Oral dosages of the present invention, when used for the indicated effects, will range between about 0.05 mg per kg of body weight per day (mg/kg/day) to about 1.0 mg/kg/day. For example, as a treatment, alendronate would be administered to mammals in preferred doses of about 2.5 mg to about 50 mg daily, preferably about 5 mg for osteoporosis treatment and about 10 mg for osteoporosis prevention, and about 40 mg Paget's disease. Alternatively, dosages of about 8.75 to about 70 mg once-weekly or twice-weekly. Preferred weekly dosages are about 35 mg, e.g., for osteoporosis prevention and about 70 mg, e.g., for osteoporosis treatment. Preferred twice-weekly dosage are about 17.5 mg, e.g., for osteoporosis prevention and about 35 mg, e.g., for osteoporosis treatment. The dosages may be varied over time, such that a patient may receive a high dose, such as 20 mg/day for a treatment period, such as two years, followed by a lower dose thereafter, such as 5 mg/day thereafter. Alternatively, a low dose (i.e. approximately 5 mg) may also be administered for a longer term with similar beneficial effects. Oral doses of the present invention can be administered in a single daily dose or in a divided dose.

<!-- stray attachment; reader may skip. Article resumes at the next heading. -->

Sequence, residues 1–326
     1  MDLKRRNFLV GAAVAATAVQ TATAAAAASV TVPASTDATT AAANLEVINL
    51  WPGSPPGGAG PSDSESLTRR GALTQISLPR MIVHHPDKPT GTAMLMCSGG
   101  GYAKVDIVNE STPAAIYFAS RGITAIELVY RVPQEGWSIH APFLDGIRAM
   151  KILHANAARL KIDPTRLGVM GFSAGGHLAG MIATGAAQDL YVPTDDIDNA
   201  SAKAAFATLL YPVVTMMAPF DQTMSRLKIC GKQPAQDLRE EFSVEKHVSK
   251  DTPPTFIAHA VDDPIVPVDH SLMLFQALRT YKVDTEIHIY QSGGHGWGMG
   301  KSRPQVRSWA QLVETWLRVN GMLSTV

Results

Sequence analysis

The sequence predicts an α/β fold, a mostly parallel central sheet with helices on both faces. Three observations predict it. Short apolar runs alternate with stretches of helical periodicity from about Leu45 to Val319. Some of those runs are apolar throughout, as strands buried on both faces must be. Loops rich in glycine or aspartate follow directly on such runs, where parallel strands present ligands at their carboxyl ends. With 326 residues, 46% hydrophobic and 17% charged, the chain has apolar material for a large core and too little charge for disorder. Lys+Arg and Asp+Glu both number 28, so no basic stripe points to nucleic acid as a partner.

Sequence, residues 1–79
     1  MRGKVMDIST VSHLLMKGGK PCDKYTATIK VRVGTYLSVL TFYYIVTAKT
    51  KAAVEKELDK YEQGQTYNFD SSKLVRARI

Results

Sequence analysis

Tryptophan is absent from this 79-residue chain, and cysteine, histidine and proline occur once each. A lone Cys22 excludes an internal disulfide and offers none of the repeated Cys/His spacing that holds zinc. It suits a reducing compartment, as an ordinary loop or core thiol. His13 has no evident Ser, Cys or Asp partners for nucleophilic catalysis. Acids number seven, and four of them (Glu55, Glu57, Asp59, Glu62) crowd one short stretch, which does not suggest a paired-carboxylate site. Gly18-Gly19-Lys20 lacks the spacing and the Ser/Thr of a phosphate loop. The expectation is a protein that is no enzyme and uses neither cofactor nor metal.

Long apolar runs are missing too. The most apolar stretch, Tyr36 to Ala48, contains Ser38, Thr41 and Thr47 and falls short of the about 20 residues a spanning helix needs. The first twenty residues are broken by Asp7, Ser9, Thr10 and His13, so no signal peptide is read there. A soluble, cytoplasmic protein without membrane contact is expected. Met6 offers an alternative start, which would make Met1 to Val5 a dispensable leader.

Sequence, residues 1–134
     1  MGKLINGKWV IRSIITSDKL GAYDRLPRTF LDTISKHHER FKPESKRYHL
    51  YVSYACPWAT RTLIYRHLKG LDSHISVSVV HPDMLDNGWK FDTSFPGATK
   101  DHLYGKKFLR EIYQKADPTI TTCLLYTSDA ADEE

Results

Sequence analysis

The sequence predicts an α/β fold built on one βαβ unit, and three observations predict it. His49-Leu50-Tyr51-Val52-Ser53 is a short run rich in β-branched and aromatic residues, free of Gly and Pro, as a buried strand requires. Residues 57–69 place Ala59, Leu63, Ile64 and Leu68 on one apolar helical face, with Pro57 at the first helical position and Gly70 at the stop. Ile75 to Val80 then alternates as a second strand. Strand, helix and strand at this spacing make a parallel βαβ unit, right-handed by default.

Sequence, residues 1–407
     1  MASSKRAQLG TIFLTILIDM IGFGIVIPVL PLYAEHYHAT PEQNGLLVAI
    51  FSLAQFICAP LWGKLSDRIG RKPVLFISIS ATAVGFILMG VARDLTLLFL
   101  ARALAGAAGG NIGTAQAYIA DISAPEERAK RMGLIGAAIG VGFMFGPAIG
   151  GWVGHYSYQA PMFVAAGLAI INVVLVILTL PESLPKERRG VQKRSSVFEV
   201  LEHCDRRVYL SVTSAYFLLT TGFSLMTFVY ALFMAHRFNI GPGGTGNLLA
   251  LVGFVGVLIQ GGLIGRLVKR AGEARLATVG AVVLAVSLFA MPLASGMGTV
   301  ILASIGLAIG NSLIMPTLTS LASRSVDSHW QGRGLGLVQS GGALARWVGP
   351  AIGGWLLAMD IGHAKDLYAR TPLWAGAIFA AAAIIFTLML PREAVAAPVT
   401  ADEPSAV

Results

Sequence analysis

• [0107]
    Bisphosphonates
  • [0108]
    The methods and compositions of the present invention comprise the administration of a bisphosphonate or a pharmaceutically acceptable salt thereof. The bisphosphonates of the present invention correspond to the chemical formula
  • [0109]
    wherein n is an integer from 0 to 7 and wherein A and X are independently selected from the group consisting of H, OH, halogen, NH2, SH, phenyl, C1-C30 alkyl, C3-C30 branched or cycloalkyl, C1-C30 substituted alkyl, C1-C10 alkyl substituted NH2, C3-C10 branched or cycloalkyl substituted NH2, C1-C10 dialkyl substituted NH2, C1-C10 alkoxy, C1-C10 alkyl substituted thio, thiophenyl, halophenylthio, C1-C10 alkyl substituted phenyl, pyridyl, furanyl, pyrrolidinyl, imidazolyl, imidazopyridinyl, and benzyl, such that both A and X are not selected from H or OH when n is 0; or A and X are taken together with the carbon atom or atoms to which they are attached to form a C3-C10 ring.
  • [0110]
    In the foregoing chemical formula, the alkyl groups can be straight, branched, or cyclic, provided sufficient atoms are selected for the chemical formula. The C1-C30 substituted alkyl can include a wide variety of substituents, non-limiting examples which include those selected from the group consisting of phenyl, pyridyl, furanyl, pyrrolidinyl, imidazonyl, NH2, C1-C10 alkyl or dialkyl substituted NH2, OH, SH, and C1-C10 alkoxy.